News   Jul 12, 2024
 1.6K     0 
News   Jul 12, 2024
 1.2K     1 
News   Jul 12, 2024
 446     0 

Mental health support for post-secondary students

AlbertC

Superstar
Member Bio
Joined
Apr 24, 2007
Messages
22,644
Reaction score
61,597
Location
Davenport
Paramedics confirm death at Bahen Centre

Emergency services evacuated building

By Andy Takagi
on September 27, 2019

At 6:26 pm today, Toronto Paramedic Services received a call from the Bahen Centre for Information Technology, where paramedics confirmed a death at the scene. Emergency services were dispatched to St. George Street, where police evacuated and cordoned off the building.

This is the third death in the Bahen Centre over the past two years.

In an email to The Varsity, the University also confirmed the death.

Vice-Provost Students Sandy Welsh wrote, “We mourn the loss of our student, and we are here to support our community.”

 
Not sure what issues here may be specific to Bahen; I've heard the references but not seen a clear pic............so I can't comment intelligently on that particular issue.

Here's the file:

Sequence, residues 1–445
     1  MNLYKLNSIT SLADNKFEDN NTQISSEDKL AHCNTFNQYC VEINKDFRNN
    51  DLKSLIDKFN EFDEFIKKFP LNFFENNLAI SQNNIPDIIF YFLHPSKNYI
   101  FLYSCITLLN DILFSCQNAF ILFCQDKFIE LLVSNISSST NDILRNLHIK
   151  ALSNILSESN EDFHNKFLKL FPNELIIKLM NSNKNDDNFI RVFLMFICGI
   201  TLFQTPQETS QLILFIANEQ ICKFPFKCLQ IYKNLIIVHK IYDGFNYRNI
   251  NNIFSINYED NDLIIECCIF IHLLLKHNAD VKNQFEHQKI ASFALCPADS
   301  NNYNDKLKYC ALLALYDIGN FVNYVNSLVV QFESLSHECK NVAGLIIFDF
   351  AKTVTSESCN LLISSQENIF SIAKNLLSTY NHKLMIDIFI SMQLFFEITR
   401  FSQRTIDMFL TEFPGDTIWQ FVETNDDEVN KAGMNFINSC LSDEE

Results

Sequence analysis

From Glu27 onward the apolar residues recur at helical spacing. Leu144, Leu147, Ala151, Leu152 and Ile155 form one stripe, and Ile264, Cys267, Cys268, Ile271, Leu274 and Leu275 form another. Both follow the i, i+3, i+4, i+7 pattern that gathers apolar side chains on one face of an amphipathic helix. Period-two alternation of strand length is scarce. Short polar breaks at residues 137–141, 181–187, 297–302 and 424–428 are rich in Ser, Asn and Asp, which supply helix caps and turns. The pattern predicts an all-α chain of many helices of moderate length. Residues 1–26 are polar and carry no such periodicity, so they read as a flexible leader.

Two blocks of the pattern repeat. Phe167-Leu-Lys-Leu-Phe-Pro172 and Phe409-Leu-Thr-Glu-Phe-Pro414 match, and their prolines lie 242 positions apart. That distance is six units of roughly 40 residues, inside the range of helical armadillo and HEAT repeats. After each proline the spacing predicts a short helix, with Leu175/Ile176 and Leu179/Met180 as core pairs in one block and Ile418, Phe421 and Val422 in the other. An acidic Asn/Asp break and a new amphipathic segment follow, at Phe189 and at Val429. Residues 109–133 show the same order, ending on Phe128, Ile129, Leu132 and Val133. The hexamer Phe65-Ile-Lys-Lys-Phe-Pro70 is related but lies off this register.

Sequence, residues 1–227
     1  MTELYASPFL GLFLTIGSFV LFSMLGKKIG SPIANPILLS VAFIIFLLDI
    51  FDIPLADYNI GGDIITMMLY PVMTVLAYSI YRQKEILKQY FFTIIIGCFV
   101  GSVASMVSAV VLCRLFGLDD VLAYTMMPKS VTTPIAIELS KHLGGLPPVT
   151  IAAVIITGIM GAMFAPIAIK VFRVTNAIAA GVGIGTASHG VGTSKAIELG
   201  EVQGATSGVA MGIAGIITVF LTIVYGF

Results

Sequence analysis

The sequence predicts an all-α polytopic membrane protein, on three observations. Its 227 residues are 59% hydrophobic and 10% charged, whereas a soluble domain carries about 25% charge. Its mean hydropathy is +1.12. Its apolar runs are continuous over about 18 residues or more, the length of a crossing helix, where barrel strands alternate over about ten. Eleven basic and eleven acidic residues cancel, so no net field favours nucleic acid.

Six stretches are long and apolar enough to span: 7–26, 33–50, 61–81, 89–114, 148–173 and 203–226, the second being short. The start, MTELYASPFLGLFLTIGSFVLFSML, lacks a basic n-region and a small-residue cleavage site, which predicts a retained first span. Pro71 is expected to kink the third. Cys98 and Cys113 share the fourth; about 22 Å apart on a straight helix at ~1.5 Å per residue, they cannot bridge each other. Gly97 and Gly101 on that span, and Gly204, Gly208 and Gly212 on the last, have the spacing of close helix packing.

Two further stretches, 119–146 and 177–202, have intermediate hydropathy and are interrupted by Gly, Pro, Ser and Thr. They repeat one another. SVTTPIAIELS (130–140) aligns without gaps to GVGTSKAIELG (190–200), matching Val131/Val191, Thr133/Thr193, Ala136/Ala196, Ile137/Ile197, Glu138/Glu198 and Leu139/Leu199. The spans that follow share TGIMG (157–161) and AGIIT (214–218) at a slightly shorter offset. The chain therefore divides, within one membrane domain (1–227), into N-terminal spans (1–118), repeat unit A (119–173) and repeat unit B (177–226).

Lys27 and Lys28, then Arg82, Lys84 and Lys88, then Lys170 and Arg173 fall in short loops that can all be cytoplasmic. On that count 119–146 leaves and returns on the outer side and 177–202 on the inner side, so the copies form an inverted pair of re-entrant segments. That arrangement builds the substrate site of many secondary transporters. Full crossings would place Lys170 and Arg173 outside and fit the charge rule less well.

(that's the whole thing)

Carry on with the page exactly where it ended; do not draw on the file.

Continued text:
In the broader issue of mental health. I am sympathetic to students, or anyone else having a mental health crisis.

I do support more comprehensive access to mental health supports, for people of all ages, though the healthcare system.

That said; I'm loathe to join the pile-on of the University of Toronto, on this one; absent more facts coming to light.

I appreciate some people being upset that University wasn't more vocal about past suicides; but that would have been normative policy for decades; and not without some merit in as much as its
a deeply personal event for those closest to the person who took their life and not all will want it broadcast to the world.

Perhaps they can/should have done more; but I'm hesitant to go there without meaningful evidence.

While I think its important that the University (and employers and spouses etc etc. ) not endlessly heap pressure on others with whom they interact.